Garda should have sought new IT tenders six years ago, PAC told

Audit finds multi-million euro prepayments made despite a lack of invoiced hours

Acting Garda Commissioner Dónall Ó Cualáin. File photograph: Collins

Acting Garda Commissioner Dónall Ó Cualáin. File photograph: Collins

 

An Garda Síochána should have sought tenders for a new IT services contract six years ago, acting Garda Commissioner Dónall Ó Cualáin has told an Oireachtas Public Accounts Committee (PAC).

Mr Ó Cualáin and other senior Garda representatives were appearing before the committee to discuss concerns over the management of an IT contract with global firm Accenture, for which it paid €26.5 million in 2016. The contract for IT services should have been re-tendered by 2014.

A Garda internal audit report last year raised concerns about multi-million euro prepayments made for IT services, despite a lack of verified invoiced hours.

The audit, which relates to the Garda’s 2016 financial statements, found that elements of the contract with Accenture were “not best practice” and in particular there was a lack of a paper trail over a key financial agreement between gardaí and the firm.

Mr Ó Cualáin told the committee the IT services contract began in 2009 and was “rolled over” but officially expired in 2014. At the time the contract was initially signed it had been the “perceived wisdom that it was better to go for one major contract than to break it up” he said.

He said the IT contract had now been broken up and tenders were being sought for five different aspects of IT services. While the 2009 Accenture contract should have ended in 2014, the procurement process for a new contract should have started in 2012, he said.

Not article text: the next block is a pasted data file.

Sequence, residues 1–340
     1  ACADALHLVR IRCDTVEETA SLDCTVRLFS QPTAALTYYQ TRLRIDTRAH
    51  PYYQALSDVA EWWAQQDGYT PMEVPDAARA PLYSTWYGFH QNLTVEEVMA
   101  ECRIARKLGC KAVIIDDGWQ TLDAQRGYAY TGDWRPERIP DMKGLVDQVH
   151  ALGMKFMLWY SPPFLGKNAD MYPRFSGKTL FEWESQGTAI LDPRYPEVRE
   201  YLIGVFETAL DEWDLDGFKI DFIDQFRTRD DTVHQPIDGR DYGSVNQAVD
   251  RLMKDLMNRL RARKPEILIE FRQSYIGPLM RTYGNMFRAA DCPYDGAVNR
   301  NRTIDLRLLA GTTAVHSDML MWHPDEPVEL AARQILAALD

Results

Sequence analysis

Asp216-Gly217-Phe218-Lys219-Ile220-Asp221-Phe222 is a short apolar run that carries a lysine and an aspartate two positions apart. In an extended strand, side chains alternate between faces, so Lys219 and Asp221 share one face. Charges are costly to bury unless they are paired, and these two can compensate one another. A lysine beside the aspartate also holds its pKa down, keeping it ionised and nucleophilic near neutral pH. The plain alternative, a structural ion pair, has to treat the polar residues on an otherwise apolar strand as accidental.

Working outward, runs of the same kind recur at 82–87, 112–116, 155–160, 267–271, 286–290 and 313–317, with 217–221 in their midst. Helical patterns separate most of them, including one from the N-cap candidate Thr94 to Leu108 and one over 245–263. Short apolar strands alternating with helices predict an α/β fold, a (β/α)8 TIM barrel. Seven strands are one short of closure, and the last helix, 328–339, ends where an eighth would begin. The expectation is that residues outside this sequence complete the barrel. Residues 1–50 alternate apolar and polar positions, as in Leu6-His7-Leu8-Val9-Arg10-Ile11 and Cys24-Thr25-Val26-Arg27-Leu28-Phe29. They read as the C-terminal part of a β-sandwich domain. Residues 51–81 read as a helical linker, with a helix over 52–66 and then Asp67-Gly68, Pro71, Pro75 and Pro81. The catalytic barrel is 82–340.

The head of Garda audit services Niall Kelly told the committee there was there was “very little actual documentation” in relation to the continuing IT contract, and while there was a paper trail it “wasn’t always adequate”.

However, he said Garda resources were such that there was no internal IT skills capacity to end the contract. “We were in a situation we had to keep the system going,” he said.

The audit had also found flaws with the verification of hours for some of the IT services paid for by the Garda. It found that, unlike other firms hired by gardaí, some contractors engaged through Accenture did not electronically record the hours they worked on behalf of the force.

Mr Kelly said the use of written time sheets was a “much weaker control” than “clocking on” and that the time sheets “weren’t properly signed off verified” in all cases.

Liam Kidd executive director of IT with the Garda said new IT staff should be in place by the end of the year.